The bill we expect to see in the next several hours will look different than what the House passed, even if many of the most popular provisions and structures will remain untouched. That’s a reflection of the herculean task Democratic leadership and the White House have had to undertake in recent days as they’ve hustled to try and ensure that ever Democratic senator had what they needed tucked inside to back this bill. It also means the bill will have to go back to the House for another vote next week before sending it to President Joe Biden’s desk.

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As we’ve said before, failure isn’t an option here. Democrats can’t go onto the field and sink Biden’s first big legislative option — a bill that most Democrats agree is badly needed even if they have individual gripes about specific provisions. As Biden said to the House Democrats last night, the point here is to remember the big picture. That’s been the message from Schumer as his caucus heads into a lengthy vote-a-rama, that’s been the message from the president and his staff and that’s what Senate Democrats have been telling each other.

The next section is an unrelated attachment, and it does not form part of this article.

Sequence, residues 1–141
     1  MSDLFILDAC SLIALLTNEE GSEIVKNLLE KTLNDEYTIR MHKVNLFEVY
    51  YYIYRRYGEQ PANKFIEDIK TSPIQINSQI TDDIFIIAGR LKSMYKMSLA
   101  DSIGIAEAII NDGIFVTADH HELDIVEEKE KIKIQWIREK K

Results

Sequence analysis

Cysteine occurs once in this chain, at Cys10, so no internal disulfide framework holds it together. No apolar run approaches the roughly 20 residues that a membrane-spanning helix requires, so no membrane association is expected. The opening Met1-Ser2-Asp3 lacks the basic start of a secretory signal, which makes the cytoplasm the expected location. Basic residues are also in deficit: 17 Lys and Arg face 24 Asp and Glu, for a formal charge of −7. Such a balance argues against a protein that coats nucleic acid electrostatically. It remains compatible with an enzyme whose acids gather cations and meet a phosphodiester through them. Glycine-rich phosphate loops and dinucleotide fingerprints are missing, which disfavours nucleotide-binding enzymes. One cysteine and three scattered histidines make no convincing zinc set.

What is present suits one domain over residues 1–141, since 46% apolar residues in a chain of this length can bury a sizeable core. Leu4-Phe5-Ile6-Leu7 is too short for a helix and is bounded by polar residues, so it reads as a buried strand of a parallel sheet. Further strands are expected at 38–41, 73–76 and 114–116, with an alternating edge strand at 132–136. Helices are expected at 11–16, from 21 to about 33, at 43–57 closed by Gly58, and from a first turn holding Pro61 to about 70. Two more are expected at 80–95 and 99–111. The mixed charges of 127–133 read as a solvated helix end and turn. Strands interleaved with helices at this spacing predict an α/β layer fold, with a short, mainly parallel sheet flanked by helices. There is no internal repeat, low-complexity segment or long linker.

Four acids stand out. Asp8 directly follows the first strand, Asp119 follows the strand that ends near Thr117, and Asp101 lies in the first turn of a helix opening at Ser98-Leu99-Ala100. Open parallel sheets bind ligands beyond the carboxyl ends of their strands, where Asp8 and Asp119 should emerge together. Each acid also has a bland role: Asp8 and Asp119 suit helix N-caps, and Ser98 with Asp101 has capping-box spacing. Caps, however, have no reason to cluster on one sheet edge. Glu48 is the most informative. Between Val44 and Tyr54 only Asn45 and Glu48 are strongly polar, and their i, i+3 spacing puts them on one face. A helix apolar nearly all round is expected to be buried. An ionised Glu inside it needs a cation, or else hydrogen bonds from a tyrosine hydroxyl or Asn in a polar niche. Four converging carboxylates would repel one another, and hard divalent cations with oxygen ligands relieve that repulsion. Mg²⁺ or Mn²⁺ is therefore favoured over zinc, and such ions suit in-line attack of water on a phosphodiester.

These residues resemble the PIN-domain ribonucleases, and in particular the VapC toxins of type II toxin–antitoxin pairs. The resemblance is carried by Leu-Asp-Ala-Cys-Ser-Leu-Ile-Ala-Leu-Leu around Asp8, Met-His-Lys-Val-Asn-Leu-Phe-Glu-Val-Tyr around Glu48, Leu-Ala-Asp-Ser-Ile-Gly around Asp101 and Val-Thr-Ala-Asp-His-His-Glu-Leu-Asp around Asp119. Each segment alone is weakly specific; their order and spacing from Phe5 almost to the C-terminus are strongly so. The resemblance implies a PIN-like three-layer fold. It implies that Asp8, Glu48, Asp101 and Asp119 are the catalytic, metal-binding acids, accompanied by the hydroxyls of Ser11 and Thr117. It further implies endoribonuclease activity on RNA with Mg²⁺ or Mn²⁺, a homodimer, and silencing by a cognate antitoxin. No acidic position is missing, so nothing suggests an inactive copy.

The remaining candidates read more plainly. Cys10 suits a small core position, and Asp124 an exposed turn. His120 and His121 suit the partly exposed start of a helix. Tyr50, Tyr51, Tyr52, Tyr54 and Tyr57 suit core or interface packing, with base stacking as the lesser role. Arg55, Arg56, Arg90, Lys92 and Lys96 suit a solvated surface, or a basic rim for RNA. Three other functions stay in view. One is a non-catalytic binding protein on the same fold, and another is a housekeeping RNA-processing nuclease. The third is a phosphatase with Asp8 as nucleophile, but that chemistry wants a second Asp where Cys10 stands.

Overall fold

They’ll get there, but the massive effort to get this bill to the finish line, which included multiple meetings with the president, around-the-clock paper trading with White House legislative affairs and even a series of conversations with Republican Sen. Lisa Murkowksi about what her state of Alaska is dealing with amid the pandemic should not be overlooked. This was an all-hands-on-deck effort and if the bill passes, it shouldn’t be read as just a symptom of Democrats in lockstep.

All the ways the Senate bill will look different

We know of a few big ways the Senate bill will look different than what the House passed.

The bill won’t include:

  • An increase to a $15-an-hour minimum wage.
  • Funding for the bridge from upstate New York to Canada
  • Money for the extension of the railway system outside of San Francisco

The bill will also change:

  • The income threshold for who is eligible to get COVID-19 relief checks will be different. Once an individual makes $80,000, they won’t get any relief check; in the House bill, that cutoff was $100,000. An individual making $75,000 a year will get the full $1,400 and it will be phased out up to $80,000.